Archive for the ‘Books’ Category

Real Stories from Central Canada
October 18, 2018

If you want to learn what it was like to live in the rural areas of central Canada in the nineteenth century, and what it was like to take the message of the gospel to the indigenous peoples, you would do well to consider reading By Canoe and Dog Train by Egerton R. Young.

Young, who lived from 1840 to 1909, was a teacher, Methodist missionary, lecturer and author. His missionary work followed the circuit-preacher approach as he worked among the Cree and Salteaux Indians north of Lake Winnipeg.

At a time when many Caucasian North Americans considered the indigenous people to be inferior, Young respected and loved them and encouraged them to develop fulfill their full potential as human beings and leaders in the church.

The book tells of the adventures, tragedy and joy that Young and his family experienced, and describes in interesting detail the nature of travel in the rural areas in those days – that is, by birch bark canoe and dog sled. I found this book hard to put down.

The stories of native Americans who came to faith in Christ and lived transformed lives are a blessing to read.

Egerton R. Young wrote a dozen other books and traveled throughout the United States, England and Australia, urging more people to come as Christian missionaries to the indigenous peoples of Canada.

Kansas Trip Journal 7
July 18, 2009

In the past two days I read Becoming Conversant with the Emerging Church by D.A. Carson, who is research professor of New Testament at Trinity Evangelical Divinity School.

Look It Up
June 8, 2009

Evidently the story about a panda has been around for quite some time, but it came to me only recently.

From Moliere to Bill Bryson
March 12, 2009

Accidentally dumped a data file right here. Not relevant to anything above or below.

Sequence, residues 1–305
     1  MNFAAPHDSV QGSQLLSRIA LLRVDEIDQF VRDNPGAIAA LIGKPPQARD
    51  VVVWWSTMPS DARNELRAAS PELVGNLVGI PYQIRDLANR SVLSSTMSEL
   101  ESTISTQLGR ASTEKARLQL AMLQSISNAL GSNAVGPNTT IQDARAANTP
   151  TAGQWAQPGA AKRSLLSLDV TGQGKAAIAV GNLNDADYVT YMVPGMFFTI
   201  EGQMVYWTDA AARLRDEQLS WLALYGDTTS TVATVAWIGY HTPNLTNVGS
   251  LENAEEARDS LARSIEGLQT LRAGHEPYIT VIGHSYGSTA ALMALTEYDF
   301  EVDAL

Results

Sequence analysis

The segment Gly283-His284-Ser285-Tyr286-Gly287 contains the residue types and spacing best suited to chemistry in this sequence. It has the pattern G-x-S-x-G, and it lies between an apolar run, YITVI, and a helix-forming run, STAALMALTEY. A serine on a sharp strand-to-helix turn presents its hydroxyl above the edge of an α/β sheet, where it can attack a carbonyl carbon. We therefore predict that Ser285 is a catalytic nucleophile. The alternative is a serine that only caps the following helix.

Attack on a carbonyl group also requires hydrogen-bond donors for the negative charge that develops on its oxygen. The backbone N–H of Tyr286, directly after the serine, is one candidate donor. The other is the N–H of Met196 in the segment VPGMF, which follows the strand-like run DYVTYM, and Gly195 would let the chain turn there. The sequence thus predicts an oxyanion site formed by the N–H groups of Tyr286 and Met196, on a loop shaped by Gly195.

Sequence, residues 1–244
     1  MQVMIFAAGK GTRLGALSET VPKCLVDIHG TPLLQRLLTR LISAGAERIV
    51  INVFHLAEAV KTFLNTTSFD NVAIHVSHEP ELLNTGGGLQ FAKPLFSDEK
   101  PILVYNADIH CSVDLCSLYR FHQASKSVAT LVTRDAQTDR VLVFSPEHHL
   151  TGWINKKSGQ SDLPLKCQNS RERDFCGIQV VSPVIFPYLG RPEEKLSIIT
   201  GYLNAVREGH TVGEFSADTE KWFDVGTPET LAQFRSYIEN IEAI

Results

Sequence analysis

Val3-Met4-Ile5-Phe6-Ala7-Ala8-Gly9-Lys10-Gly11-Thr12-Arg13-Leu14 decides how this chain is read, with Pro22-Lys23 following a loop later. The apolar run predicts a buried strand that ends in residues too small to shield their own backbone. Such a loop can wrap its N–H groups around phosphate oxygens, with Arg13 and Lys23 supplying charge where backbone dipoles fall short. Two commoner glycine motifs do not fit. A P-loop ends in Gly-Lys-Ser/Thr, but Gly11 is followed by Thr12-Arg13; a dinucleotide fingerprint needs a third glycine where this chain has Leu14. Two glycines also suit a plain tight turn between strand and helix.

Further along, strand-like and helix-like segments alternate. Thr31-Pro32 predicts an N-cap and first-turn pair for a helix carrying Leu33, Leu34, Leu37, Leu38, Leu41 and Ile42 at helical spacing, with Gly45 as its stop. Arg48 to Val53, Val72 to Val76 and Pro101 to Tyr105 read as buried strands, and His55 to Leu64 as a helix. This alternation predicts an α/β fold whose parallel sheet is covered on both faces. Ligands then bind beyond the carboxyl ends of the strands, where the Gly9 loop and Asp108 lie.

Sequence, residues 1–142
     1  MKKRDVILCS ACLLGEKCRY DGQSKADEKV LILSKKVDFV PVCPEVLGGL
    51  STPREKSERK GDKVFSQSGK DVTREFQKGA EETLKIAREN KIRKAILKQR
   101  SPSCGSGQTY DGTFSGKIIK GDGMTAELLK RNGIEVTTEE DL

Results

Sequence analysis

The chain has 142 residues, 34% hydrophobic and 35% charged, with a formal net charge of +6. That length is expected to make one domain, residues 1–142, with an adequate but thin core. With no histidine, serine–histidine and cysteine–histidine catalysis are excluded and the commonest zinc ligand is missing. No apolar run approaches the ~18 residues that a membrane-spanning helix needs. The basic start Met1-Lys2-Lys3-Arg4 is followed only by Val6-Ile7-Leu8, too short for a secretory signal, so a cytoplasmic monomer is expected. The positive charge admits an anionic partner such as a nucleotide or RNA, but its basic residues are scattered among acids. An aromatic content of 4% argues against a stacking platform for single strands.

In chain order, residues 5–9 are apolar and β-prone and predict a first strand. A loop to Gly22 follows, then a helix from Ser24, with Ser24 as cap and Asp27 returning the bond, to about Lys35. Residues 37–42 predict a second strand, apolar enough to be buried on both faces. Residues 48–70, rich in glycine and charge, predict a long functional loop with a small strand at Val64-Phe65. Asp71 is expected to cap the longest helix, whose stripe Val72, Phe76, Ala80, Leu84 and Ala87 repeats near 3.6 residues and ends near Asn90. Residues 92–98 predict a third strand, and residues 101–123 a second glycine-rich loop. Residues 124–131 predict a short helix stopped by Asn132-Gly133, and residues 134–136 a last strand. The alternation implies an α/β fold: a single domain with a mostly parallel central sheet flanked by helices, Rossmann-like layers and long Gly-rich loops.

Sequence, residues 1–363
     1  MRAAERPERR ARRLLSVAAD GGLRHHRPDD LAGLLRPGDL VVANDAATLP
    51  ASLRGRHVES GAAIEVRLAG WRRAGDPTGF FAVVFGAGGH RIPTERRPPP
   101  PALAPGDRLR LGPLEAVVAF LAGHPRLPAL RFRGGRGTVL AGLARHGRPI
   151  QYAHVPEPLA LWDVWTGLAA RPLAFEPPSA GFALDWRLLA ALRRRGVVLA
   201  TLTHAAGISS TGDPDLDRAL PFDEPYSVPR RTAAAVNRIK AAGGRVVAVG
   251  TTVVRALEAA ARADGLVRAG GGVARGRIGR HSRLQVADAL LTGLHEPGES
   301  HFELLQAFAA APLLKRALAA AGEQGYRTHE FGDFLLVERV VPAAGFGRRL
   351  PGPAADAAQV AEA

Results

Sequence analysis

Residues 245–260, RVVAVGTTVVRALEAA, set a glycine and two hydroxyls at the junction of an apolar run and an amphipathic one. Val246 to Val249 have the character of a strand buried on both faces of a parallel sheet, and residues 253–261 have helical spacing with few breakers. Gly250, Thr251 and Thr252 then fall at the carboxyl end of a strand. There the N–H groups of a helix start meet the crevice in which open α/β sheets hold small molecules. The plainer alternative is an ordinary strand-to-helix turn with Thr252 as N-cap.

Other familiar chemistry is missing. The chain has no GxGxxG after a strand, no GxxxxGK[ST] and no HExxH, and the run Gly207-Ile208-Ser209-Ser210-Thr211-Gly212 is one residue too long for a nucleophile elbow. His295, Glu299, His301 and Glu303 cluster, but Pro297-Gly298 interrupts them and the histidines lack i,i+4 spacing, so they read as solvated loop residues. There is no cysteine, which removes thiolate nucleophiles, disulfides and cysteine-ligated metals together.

Recently I finished reading two completely different works.

One was a collection of plays by Moliere. Somewhere I had noted a reference to the fact that Moliere, the French playwright and actor, is considered to be one of the greatest masters of comedy in Western literature, so I decided that if he’s so good, it’s about time I read some of his work.

So I bought a used paperback of his plays online for one cent plus shipping! I read The School for Wives (his first great comedy and one of his best-loved), Tartuffe or The Hypocrite, Don Juan, and a few others. His characters are exaggerated, but what else would you expect in comedy?

The other book I read was A Short History of Nearly Everything by Bill Bryson. Here Bryson covers the broad range of science, physics, space, astronomy, paleontology and nearly everything else. He does so in an engaging way, with humor. His section on subatomic physics, where things operate on rules radically different from the observable world we live in every day, is mind-boggling.

His worldview is naturalistic and atheistic, so I take exception to some of his conclusions, but I learned so much about…nearly everything!

Have you read Moliere or Bryson? What comments do you have?

Dark and Disturbing
January 21, 2009

I have just finished reading That Hideous Strength by C. S. Lewis – a novel about dark powers taking over society.

The book is the last in a space trilogy, but it is not space fiction in the way we usually think about that term. Instead, these absorbing and mind-expanding books are about God and good and evil, and the nature of us humans and of God’s purposes and power.

So this book is filled with confusion, deceit, fear, treachery, science, technology, nature, and a campaign for the abolition not only of religion but also of emotion and the inidvidual.

But it is also about God and his mysterious ways of working in this fallen world. The Director and the other good people in this story do not talk about religion in the vague sense of “some mist steaming upward.” They talk about God, and their picture of him is of “strong, skilful hands thrust down to make, and mend, perhaps even to destroy.”

If you have read this book (or the trilogy), what are your thoughts? Send me a reply.

Thinking about Life, the Universe and Everything
December 4, 2008

I am reading through five novels and one story by Douglas Adams, laughing out loud and alternately shaking, nodding and scratching my head.

The first book is The Hitchhiker’s Guide to the Galaxy, and the rest follow the same theme, if there is one.

I think I will eventually post some observations about this series, but first I want to check with my readers and friends, which, with any luck, just might turn out to be the same people.

Have you read the first novel, or the series?
What did you think?
How would you describe these novels?
What kind of mind would it take to produce such zany thoughts and plots?

Is anyone out there, or am I talking to empty cyberspace? Actually, whether cyberspace is empy or overcrowded is a point on which I understand experts from the planet Rupert diasgree vociferously.
The planet Rupert?! You have to read the book…

Enter your comments, please.